Reflective practice and collaboration together with an understanding of digital learning and the literacies that are integral to learning, is the framework for instructional leadership for teacher librarians. This understanding with an active part in the professional learning of staff ideally situates the teacher librarian as a leader in the learning process. In order to develop leadership for learning, teacher librarians must understand:
- Instructional leadership
- Collaborative curriculum development
- Digital learning, and
- Professional learning for staff
To lead learning, you must have a sound knowledge and understanding of teaching and learning theories and how the theories support or can be used for innovation and change.
Being innovative, a critical thinker and creative are considered a base level of what it means to be a 21st century learner. These skills are an integral part of the Australian Curriculum’s General Capabilities.
The term “connected leadership” is introduced as another component of a reflective leader.
Curriculum leadership is shown through your work with teachers in collaboratively developing programs for students.
Collaboration is essential to leadership success.
Collaboration in any form builds better outcomes for staff and students and is a professional learning strategy in its own right.
Some guidelines for successful collaboration:
- Define exactly what it is you would like to achieve
- Make sure that each person in the team understands both the mutual outcome and the role of each member of the team
- Be clear about when it is appropriate to know when to lead and when to follow
- Timelines are essential – establish meeting times and stick to them as much as possible
Build the outcome of the collaboration in a collaborative environment that encourages information sharing and joint ownership of the knowledge.
Digital learning allows students to construct their own knowledge anywhere anytime as it can use a variety of strategies where teachers can build learning sequences in line with individual student needs. Digital literacy is therefore considered important by educators as they recognise that not only does the teaching profession have a role in preparing students for a digital world, but that a sustained engagement with technology and media is now integral to the development of knowledge across disciplines and subjects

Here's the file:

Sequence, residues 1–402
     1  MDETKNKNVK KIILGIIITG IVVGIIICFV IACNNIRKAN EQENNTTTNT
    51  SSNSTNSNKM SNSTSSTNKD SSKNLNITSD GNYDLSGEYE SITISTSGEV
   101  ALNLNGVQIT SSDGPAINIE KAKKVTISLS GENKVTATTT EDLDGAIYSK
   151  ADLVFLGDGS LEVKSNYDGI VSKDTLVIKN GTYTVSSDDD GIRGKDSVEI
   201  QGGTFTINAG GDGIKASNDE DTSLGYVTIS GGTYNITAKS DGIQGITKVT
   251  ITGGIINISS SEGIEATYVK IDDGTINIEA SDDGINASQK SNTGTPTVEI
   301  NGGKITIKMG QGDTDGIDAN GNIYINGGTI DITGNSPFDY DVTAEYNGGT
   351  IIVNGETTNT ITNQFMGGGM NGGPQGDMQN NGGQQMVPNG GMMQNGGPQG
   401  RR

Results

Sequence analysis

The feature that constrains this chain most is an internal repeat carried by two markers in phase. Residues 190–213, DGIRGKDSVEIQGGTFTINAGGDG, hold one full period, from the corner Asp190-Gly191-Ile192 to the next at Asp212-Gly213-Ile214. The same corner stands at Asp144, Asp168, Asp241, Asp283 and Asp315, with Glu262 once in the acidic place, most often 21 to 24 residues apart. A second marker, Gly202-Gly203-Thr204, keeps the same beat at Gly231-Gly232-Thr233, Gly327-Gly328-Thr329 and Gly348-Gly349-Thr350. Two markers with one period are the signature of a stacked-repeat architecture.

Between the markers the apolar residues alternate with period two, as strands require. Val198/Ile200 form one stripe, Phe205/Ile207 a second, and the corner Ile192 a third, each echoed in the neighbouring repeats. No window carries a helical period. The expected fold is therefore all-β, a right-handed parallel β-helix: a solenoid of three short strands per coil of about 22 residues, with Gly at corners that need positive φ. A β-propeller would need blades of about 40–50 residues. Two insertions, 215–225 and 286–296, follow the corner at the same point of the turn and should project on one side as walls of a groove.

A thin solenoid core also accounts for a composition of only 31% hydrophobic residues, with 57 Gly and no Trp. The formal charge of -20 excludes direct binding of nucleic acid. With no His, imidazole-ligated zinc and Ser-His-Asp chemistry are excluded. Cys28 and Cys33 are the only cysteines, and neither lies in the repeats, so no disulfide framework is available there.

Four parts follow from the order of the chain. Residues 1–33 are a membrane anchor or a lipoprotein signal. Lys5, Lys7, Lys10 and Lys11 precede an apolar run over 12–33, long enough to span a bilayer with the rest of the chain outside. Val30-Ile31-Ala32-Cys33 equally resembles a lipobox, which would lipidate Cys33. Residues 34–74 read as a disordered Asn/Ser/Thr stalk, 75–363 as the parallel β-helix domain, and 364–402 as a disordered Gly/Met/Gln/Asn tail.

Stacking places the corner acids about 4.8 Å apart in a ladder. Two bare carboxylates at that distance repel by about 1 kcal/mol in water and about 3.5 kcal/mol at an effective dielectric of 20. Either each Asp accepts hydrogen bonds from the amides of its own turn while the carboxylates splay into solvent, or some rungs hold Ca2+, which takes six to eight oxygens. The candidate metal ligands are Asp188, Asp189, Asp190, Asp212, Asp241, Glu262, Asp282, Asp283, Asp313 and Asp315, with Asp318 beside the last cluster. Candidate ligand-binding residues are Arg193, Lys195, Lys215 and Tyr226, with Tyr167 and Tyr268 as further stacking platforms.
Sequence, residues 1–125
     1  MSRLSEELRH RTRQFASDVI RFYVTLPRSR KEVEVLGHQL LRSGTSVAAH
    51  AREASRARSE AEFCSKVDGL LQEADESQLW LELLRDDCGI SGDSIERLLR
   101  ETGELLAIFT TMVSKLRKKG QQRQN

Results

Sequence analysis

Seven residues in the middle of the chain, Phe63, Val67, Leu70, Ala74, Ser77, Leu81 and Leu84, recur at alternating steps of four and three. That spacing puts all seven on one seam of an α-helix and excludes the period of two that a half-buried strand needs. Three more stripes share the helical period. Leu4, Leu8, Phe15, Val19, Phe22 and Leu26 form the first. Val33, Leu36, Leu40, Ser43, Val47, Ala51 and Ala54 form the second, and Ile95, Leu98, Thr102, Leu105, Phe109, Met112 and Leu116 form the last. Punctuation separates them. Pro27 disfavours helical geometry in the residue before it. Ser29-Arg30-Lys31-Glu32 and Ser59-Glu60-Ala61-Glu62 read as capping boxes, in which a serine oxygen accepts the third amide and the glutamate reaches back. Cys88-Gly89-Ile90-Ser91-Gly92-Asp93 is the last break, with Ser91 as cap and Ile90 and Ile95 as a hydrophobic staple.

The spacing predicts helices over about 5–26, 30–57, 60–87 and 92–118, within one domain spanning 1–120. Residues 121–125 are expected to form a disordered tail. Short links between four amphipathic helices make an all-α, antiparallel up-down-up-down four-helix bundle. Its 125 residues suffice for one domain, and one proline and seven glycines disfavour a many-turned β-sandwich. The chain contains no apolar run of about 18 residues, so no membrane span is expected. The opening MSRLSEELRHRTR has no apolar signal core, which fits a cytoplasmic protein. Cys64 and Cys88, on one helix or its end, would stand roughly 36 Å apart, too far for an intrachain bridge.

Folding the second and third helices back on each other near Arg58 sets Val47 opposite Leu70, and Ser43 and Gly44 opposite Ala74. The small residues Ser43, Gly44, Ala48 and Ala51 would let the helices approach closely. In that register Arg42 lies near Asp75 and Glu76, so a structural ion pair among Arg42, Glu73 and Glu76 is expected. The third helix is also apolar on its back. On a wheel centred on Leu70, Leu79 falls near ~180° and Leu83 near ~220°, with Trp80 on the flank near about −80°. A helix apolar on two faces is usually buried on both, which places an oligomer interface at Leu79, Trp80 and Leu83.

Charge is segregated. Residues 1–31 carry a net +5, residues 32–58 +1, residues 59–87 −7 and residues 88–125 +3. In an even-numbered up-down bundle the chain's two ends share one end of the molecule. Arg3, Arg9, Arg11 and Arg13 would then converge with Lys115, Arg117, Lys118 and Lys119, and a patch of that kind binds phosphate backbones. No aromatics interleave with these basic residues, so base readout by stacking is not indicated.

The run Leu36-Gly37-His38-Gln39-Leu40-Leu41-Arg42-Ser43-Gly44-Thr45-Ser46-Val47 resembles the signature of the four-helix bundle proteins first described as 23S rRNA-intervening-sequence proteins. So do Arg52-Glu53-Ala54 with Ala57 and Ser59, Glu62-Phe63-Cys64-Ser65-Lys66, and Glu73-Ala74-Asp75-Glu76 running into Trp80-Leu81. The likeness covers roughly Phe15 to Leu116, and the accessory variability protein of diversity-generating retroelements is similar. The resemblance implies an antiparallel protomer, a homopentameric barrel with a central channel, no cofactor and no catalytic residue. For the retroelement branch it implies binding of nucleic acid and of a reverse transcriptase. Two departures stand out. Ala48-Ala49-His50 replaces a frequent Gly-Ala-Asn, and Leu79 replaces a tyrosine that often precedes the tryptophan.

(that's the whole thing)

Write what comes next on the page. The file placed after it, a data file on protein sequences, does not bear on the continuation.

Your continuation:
Digital Literacy at a simple level incorporates information, ICT and critical literacies in an interrelated way.
The teacher librarian operates as a professional learning consultant in the school in all your interactions with staff – from advising on resources to read or use through to demonstrating and teaching how to use materials or resources as well as introducing new pedagogical strategies in curriculum to the school.
- Skill acquisition prior to peer coaching or mentoring
- Professional development
- The ADDIE model that outlines how to design good professional learning. This creates a case for teacher librarians to be an advocate for instructional design in their schools
- Action research is one strategy for professional learning that is being used more due to its close alignment with the concept of evidenced base practice and “on the job” learning. Action research also closely aligns with the learning process teacher librarians operate under.
- Team teaching or co-teaching
- The concerns based adoption model (CBAM) and action research are methodologies that can be used by teacher librarians when working with teachers.
The new Australian Curriculum is providing teachers and teacher librarians with many new challenges – none the least being the need to continue to improve personal knowledge and understanding of digital tools and digital environments. A personal learning strategy is possibly more important now than at any other time.
- I believe that instructional leadership is about creating the conditions for learning in a school. It is evidenced as teachers lead in the classroom, work collaboratively and engage in inquiry to strengthen practice.
- Learning is imperative for leadership and leadership can influence learning.
** I think this idea is great! I can’t wait to try it at my school 🙂
As our school prepares for the Australian Curriculum where there will be more of an emphasis on inquiry-based learning, I thought I could establish a school wiki where teachers could contribute ideas, suggestions, relevant articles and lesson plans etc. that they have used or want to ask their peers about. This would be an example of collaboration for learning and would also assist our school leaders in understanding how our teachers are leading their own knowledge paths with the changes in Curriculum. (Tanya Toohey – Module 3 Forum Posting)